Alison Shanks hopes to retain her individual pursuit title at this week’s International Cycling Union (UCI) World Track Championships, despite finishing runner-up at her last outing against Wendy Houvenaghel. While the British rider took the gold medal home from the Track World Cup round in Melbourne, Australia late last year, New Zealand’s Shanks believes her worlds training will hold her in good stead.

    “I’ve laid down a really good base, with more strength and endurance work than ever before,” said Shanks. “The speed phase has gone really well and I am looking forward to the competition.”

    Shanks is one of the most experienced riders in New Zealand’s squad for the Copenhagen, Denmark event. Shanks won the 3000m individual pursuit title at last year’s event in Poland after breaking the 3:30 minute barrier for the first time.

    Shanks will be joined in the event by compatriot Jaime Nielsen, a former world under-23 champion rower who took up cycling less than two years ago.

    Adam Stewart has been awarded the final spot in the men’s team sprint squad, joining triple world junior champion Sam Webster and national sprint and kilo champion Eddie Dawkins. Stewart won the start over Aucklander Ethan Mitchell, who was part of the world junior champion team sprint combination last year.

    New Zealand national coach Tim Carswell explained the choice to use Stewart over Mitchell, who will contest the men’s sprint and the kilo. “There was very little between the two of them. With all of our trials and testing the pair of them were so similar but in this instance Stewart has got the nod with his experience and he provides a really good platform as the vital lead-off rider,” he said.

    Jayco Bay Cycling Classic stage winner Tom Scully will make his elite world championships debut in the points race. Scully has enjoyed a remarkable rise, winning five medals in...

  • Phinney eyes double gold in Copenhagen

    Taylor Phinney (USA) won the men's individual pursuit final at the 2009 track world championships.
    Article published:
    March 24, 2010, 17:39 GMT
    Daniel Benson

    US rider wants pursuit, omnium titles

    US rider Taylor Phinney is looking to claim two gold medals at the Track Worlds Championships, which began today in Copenhagen. Phinney will compete in the Individual Pursuit – as the defending champion - and the Omnium, but with the Pursuit having been culled from the Olympic programme for 2012, he admitted that it could be the last of his career, even if he breaks the world record.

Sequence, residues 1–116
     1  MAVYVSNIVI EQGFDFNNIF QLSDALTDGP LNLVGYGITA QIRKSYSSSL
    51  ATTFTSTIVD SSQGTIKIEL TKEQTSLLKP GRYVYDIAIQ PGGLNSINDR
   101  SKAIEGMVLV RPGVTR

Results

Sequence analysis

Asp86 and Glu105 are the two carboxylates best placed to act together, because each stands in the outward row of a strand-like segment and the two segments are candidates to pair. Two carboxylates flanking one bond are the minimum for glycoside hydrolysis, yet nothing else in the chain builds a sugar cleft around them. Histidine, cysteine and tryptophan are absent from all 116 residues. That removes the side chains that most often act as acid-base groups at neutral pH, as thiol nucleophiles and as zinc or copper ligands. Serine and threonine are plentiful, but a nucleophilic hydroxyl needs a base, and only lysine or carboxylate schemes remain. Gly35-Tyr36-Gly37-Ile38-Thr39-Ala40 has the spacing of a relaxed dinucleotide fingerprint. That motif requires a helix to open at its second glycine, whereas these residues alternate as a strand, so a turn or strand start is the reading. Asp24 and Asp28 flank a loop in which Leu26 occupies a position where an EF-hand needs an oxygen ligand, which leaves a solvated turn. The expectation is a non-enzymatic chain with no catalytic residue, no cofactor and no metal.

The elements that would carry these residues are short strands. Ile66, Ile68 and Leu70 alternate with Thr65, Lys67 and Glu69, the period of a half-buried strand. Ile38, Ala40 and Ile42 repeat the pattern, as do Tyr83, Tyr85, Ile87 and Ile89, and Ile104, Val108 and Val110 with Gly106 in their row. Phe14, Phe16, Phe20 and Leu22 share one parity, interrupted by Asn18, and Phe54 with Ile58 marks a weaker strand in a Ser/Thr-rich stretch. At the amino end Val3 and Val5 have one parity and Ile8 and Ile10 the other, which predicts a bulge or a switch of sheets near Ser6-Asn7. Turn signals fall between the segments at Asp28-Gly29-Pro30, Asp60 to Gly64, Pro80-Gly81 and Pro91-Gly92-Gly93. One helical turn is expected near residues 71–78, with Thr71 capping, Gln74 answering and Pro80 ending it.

Phinney arrived in Copenhagen on Sunday, having spent a week in Italy training on the track and getting used to the shift in time zone. "We came for week before worlds," he told Cyclingnews. "It's just me, my coach and my mom."

    Phinney was shocked when the men's Individual Pursuit was dropped from the Olympic programme last year's, signing a petition to keep it alive. When asked if Copenhagen could be his last pursuit outing he was unsure but unable to rule out the possibility.

    "It depends on how fast I go. If I go really fast and I win then it could be my last and I just focus on the road and the Omnium but I haven't thought that far ahead yet. I'm just looking at going as fast as I can here."

    And going as fast as he can might mean breaking the world record still held by Chris Boardman who raced using the now-illegal Superman position in 1996 and posted a time of 4:11. Phinney believes that Boardman's time is out of reach but that a non-Superman time is possible.

    "I think that the non-superman position record is something I can do but the superman record… I'm a little bit doubtful about that one. Unless superman himself lined up at the race I don't think it can be beaten. But the non-superman position is something think I'm aiming for and in my second ride, not my qualifying round. That's when it matters the most."